Once upon a time, there was a captain of a huge freight ship who had been away from home for three months. He was very much looking forward to being reunited with his wife, whom he loved very much. And so he eagerly set course for the harbor where they had to dock, knowing she would be there waiting for him. But because he was tired and wanted to look his best for his wife, he asked his first officer to take responsibility for the ship while he was taking a nap.
The first officer agreed, but unbeknown to the captain, he had other plans. He’d secretly arranged for the ship to dock in another port because that was much closer to his girlfriend, with whom he wanted to meet up. So while the captain was asleep, the first officer changed course to his harbor of choice.
When the captain woke up an hour before they were supposed to arrive at the port, he discovered the change of course. He was furious and dismissed the first officer immediately. However, the damage had already been done. Because a freight ship is so big and heavy, it can only change course slowly. Despite the captain’s best efforts, they arrived in the original harbor four hours behind schedule. His wife had already given up hope the ship would come in and had gone home. The captain was very sad and angry when he discovered she had left. He didn’t blame his wife—she couldn’t have known what had happened, but he did blame his first officer. It wasn’t only till very late that night that the captain could finally hug his wife again.
Hours and hours wasted because of a change of course that should have never happened! If only he hadn’t taken a nap, if only he’d discovered the change of course sooner. He could have spent so many extra hours with his wife and prevented her from standing on the dock in van for four hours. It was a valuable lesson for the captain …
I heard this story at a management training years ago when I was a manager in a hospital and it stuck with me (which once again shows the power of stories, by the way!). The key takeaway from the story is this: If the captain had discovered the change of course sooner, the resulting time waste would have been much less.
Do you know how your youth ministry is doing? Do you notice whether someone in your team (intentionally or not) is taking your youth ministry off course? Because the sooner you find out, the less damaging the effects will be.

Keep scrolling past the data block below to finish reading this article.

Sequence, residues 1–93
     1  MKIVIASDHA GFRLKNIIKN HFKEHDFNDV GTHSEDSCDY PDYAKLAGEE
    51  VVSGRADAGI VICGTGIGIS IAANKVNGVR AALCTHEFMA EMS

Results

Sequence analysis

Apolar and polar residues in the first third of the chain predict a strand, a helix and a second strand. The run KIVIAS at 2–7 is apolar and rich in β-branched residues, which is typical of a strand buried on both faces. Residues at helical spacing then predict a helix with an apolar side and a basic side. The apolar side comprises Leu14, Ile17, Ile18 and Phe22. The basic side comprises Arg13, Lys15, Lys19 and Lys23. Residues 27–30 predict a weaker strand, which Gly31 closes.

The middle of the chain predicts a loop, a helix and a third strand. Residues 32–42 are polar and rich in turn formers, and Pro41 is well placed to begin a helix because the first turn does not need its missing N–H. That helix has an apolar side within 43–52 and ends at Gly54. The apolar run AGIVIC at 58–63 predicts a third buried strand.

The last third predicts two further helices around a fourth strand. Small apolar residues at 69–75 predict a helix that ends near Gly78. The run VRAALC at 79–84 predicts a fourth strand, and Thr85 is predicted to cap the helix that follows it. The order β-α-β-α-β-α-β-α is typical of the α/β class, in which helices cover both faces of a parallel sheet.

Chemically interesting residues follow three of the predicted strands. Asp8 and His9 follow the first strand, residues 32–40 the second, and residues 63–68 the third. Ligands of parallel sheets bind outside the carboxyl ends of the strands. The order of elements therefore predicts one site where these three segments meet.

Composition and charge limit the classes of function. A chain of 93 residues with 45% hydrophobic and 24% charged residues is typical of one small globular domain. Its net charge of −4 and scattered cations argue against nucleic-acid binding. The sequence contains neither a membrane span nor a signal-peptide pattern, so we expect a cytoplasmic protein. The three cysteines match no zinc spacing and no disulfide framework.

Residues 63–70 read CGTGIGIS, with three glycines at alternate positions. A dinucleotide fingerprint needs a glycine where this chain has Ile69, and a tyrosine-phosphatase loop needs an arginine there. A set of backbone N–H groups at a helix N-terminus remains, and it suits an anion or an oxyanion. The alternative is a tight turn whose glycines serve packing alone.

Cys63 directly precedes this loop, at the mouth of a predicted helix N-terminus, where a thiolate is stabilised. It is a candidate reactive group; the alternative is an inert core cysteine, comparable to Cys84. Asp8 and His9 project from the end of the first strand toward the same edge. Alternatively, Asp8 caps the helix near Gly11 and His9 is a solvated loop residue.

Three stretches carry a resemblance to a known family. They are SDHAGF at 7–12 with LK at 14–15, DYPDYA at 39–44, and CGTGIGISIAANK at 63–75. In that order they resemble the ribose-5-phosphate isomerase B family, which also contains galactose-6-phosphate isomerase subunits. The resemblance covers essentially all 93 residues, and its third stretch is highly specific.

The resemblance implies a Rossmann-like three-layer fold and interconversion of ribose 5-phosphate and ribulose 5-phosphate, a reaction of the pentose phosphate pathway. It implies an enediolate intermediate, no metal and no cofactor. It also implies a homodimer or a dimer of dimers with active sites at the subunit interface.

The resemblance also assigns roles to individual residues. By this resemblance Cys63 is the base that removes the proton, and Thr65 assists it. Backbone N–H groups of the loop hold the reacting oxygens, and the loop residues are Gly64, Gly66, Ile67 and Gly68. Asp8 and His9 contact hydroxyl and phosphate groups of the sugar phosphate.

How can you know what’s going on in your youth ministry, you may ask. By setting up a “reporting system” that gives you formal and informal feedback on how you’re doing with regards to your mission, vision and strategic plan:
- Check in with your leaders regularly and ask specific questions to see how they’re doing and if they’re doing what they’re supposed to be doing.
- Visit your small group leaders, observe them leading a group when possible (or have a coach do this) to see if they are leading as you had envisioned.
- Create a culture in which people report mistakes and issues themselves, because they don’t face bad consequences in any way.
- Keep tabs on numbers like small-group attendance, youth service attendance, number of new youth attending, number of baptisms and other statistics that will tell you something about how your youth ministry is doing.
- Check your financial status regularly to see if you’re still on budget, if all receipts are there, if everyone who has made costs has actually claimed their expenses.
- Ask your students for feedback on specific activities, for instance after a youth service, a retreat, etc.
- Keep in contact with the parents and make sure you are informed of any concerns from their part.
The goal is not to judge people, to be a control freak, to point fingers or to kick anyone’s butt for making a mistake, but to identify small issues before they become big problems. Because the sooner you know about a change of course, no matter how small, the sooner you can make changes to make sure you actually reach your destination.
Do you have a system in place to determine if your youth ministry is going off course?